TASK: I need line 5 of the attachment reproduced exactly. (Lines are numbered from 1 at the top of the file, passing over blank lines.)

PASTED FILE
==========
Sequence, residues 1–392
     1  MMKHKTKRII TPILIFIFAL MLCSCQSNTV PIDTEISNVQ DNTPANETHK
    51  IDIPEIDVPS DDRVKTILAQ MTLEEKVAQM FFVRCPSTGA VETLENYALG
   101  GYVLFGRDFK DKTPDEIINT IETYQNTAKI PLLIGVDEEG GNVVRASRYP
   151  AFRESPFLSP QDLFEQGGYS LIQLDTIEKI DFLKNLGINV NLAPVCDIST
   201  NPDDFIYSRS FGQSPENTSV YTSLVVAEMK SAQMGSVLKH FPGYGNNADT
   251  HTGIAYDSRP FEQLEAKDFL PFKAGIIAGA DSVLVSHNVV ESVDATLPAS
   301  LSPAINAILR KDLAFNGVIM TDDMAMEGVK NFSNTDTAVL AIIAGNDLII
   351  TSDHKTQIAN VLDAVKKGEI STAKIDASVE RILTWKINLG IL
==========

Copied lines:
   151  AFRESPFLSP QDLFEQGGYS LIQLDTIEKI DFLKNLGINV NLAPVCDIST